Speakers at the rally included PCS and SERTUC regional officer Megan Dobney, Clive Dobney Norwich Labour Party, Bob Crow Secretary of the RMT and Cath Spate Unite National Officer.

RMT General Secretary Bob Crow said: ‘We are criticised for being extremists and that we’re selfish.

‘This community was right to support the Higdens’ stand and we celebrate today what the Higdens and the community did.

‘But it is no good remembering the past if we can’t defend what is at stake today in 2012.

‘We’ve had 13 years of a Labour government which had the opportunity to reverse the attacks on working men and women.

‘It should say what it would do if elected.

‘It should repeal the anti-union laws and reverse the attacks on public services and stop spending billions on weapons of mass destruction.’

Crow said that under changes made by the Tory-LibDem coalition, workers can be unfairly dismissed and only go to a tribunal after two years employment and every person that wants a tribunal has to pay £250 up front and then another £1,200.

Crow said: ‘Labour leaders should be here today, rather than talking to governments in Switzerland and Geneva and to captains of industry.

‘Next we have to say that we have to get rid of this government.’

Crow concluded: ‘Marches are important, but if general strikes are good enough for Spain and Greece then they are good enough for us.’

Cath Spate from Unite spoke of the need to save the Agricultural Wages Board, which not only guarantees wage rates but also holiday and sick pay.

She said: ‘The big horticultural multinationals and packhouses want pay reduced to the minimum wage and reductions in holiday and sick pay, which would result in £9m being taken out of the rural economy.’

Chris Grant, regional officer of the NUT, said: ‘The whole approach of this government is Academisation as a precursor to full blown privatisation.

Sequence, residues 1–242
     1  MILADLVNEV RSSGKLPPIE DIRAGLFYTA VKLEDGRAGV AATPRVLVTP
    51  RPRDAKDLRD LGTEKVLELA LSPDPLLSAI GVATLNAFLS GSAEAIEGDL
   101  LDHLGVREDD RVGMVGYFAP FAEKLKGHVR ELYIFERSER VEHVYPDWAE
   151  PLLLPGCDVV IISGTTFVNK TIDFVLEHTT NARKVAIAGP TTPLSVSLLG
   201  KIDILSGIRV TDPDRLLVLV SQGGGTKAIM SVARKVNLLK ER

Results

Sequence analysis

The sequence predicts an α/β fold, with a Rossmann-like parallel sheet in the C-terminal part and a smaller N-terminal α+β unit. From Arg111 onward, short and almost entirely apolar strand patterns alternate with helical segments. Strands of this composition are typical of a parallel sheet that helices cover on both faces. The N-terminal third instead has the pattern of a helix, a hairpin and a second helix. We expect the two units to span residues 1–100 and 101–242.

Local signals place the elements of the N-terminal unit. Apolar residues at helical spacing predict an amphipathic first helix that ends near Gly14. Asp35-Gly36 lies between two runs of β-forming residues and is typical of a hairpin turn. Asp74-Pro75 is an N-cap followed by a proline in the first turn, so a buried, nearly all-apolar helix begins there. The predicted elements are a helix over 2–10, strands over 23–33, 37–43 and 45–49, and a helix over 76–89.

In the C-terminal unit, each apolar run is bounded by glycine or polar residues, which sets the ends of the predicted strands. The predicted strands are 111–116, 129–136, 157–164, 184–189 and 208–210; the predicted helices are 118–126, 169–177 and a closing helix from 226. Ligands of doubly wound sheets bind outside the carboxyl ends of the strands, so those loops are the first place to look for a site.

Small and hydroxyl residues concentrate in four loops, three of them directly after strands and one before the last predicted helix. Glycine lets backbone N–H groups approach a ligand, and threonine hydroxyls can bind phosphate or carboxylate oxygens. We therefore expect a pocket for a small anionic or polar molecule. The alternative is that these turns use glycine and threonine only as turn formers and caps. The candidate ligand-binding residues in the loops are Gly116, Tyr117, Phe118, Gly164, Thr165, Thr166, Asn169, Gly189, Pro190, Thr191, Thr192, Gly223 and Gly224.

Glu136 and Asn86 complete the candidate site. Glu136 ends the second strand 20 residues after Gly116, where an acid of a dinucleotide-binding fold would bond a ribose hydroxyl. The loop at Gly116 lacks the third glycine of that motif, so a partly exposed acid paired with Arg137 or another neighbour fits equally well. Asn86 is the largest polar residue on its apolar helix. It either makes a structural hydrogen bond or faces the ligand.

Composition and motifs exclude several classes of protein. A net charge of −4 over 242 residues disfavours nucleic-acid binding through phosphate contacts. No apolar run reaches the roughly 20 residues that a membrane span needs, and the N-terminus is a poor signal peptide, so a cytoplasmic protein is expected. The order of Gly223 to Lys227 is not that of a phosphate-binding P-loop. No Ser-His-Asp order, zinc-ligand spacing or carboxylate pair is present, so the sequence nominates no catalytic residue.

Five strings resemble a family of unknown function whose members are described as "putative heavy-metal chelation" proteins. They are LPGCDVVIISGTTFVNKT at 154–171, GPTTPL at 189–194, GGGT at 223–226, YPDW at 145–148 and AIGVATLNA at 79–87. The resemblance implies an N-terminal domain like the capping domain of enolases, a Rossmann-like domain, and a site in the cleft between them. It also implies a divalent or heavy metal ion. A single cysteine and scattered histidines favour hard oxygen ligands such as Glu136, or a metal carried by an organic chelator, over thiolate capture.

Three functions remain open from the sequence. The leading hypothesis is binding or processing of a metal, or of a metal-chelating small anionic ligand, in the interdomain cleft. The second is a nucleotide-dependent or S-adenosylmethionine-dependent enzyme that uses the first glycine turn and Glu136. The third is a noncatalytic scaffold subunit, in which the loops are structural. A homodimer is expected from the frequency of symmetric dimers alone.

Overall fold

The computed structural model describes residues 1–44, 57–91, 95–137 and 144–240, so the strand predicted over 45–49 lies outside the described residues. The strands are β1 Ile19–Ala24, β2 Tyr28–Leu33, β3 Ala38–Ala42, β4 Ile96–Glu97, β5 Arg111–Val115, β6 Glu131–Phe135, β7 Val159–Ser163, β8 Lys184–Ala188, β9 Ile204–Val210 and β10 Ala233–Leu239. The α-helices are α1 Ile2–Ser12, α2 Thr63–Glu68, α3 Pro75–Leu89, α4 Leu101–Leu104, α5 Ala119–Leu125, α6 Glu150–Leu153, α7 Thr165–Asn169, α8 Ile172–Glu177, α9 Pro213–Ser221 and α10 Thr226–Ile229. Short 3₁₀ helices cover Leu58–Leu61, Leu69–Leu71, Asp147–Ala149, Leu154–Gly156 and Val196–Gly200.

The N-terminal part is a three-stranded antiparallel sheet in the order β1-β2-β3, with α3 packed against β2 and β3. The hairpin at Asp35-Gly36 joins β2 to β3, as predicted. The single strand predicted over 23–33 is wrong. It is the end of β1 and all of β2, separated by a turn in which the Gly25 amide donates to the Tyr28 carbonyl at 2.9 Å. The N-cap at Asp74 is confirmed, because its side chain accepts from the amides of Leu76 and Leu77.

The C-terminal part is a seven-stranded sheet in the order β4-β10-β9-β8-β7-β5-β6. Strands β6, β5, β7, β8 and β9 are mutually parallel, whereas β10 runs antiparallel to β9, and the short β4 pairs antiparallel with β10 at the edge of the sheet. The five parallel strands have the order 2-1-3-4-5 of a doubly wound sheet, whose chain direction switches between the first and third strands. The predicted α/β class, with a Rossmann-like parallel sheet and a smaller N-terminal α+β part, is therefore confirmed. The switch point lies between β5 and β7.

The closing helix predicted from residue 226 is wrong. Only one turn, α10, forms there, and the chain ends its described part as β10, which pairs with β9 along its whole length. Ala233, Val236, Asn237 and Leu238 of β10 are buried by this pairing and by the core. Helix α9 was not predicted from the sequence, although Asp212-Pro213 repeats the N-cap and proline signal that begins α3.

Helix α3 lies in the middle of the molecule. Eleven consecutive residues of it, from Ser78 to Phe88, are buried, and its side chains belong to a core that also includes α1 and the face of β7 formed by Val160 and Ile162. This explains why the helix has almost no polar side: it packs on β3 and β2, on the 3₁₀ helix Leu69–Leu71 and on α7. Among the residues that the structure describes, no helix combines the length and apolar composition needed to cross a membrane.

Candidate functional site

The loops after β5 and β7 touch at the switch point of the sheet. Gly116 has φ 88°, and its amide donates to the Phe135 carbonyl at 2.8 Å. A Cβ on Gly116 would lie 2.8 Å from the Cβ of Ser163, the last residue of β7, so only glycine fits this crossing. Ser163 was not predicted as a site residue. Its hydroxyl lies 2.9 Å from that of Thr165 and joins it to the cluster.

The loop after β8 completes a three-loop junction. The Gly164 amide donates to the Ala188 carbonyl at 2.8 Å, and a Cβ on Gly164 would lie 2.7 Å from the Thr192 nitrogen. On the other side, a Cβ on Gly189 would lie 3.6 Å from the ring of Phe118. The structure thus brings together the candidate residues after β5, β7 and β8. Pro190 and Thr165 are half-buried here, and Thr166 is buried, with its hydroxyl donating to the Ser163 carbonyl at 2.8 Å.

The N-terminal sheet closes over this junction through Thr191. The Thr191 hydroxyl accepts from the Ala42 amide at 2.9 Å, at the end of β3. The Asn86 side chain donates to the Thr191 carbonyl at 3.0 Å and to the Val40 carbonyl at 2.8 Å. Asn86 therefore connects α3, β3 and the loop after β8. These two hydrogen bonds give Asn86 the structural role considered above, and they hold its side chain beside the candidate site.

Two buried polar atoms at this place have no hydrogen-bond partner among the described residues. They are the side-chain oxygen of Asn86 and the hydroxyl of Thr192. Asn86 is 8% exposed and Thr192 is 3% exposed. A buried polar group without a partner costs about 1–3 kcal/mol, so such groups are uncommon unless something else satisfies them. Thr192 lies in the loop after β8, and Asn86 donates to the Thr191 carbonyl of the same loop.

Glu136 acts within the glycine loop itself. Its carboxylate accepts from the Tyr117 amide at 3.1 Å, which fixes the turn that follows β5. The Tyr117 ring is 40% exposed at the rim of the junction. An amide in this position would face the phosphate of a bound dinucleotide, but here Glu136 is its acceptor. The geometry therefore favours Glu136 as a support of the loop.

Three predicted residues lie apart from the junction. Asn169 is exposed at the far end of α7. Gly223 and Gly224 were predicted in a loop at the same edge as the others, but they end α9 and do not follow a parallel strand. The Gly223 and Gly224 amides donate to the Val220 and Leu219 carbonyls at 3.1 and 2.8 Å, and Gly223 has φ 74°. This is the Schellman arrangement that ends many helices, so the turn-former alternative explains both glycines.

‘This is not in the interests of children’s education.

‘It is using essential public services to make profits for shareholders.’

‘Free Schools get huge sums of money for pupils they haven’t got.’

Graham White, Divisional Secretary of Suffolk NUT, said: ‘In Suffolk, all Free Schools have been based on middle schools for 9-to-13 year-olds that they are phasing out.

‘This leaves these sites available at peppercorn rents.

‘The government funds millions to convert these schools to Free Schools for 11-to-16 year olds with taxpayers money.

‘The government gave £5.5m for Clare school with potentially over 300 pupils but actually got 100.

‘Local Authority (LA) schools are accountable to the local electorate, but Academies and Free Schools are only accountable to the Secretary of State.

‘Local Authorities stripped of a large number of schools lose economies of scale and will be unable to provide specialist support services, especially for children with special needs.

‘Workers in these schools would lose terms and conditions built up over many years.’

Andy Black from the Prison Officers Association (POA) said: ‘We want to raise awareness of the imposed increase in POs’ retirement age to 68.

‘We should be treated the same as police, ambulance and firemen and retire at 60.

‘We’ve been against privatisation of the prisons for years.

‘We lost Birmingham prison to Group 4 and another ten are up for marketisation.’

He concluded: ‘I live for the day this government goes.’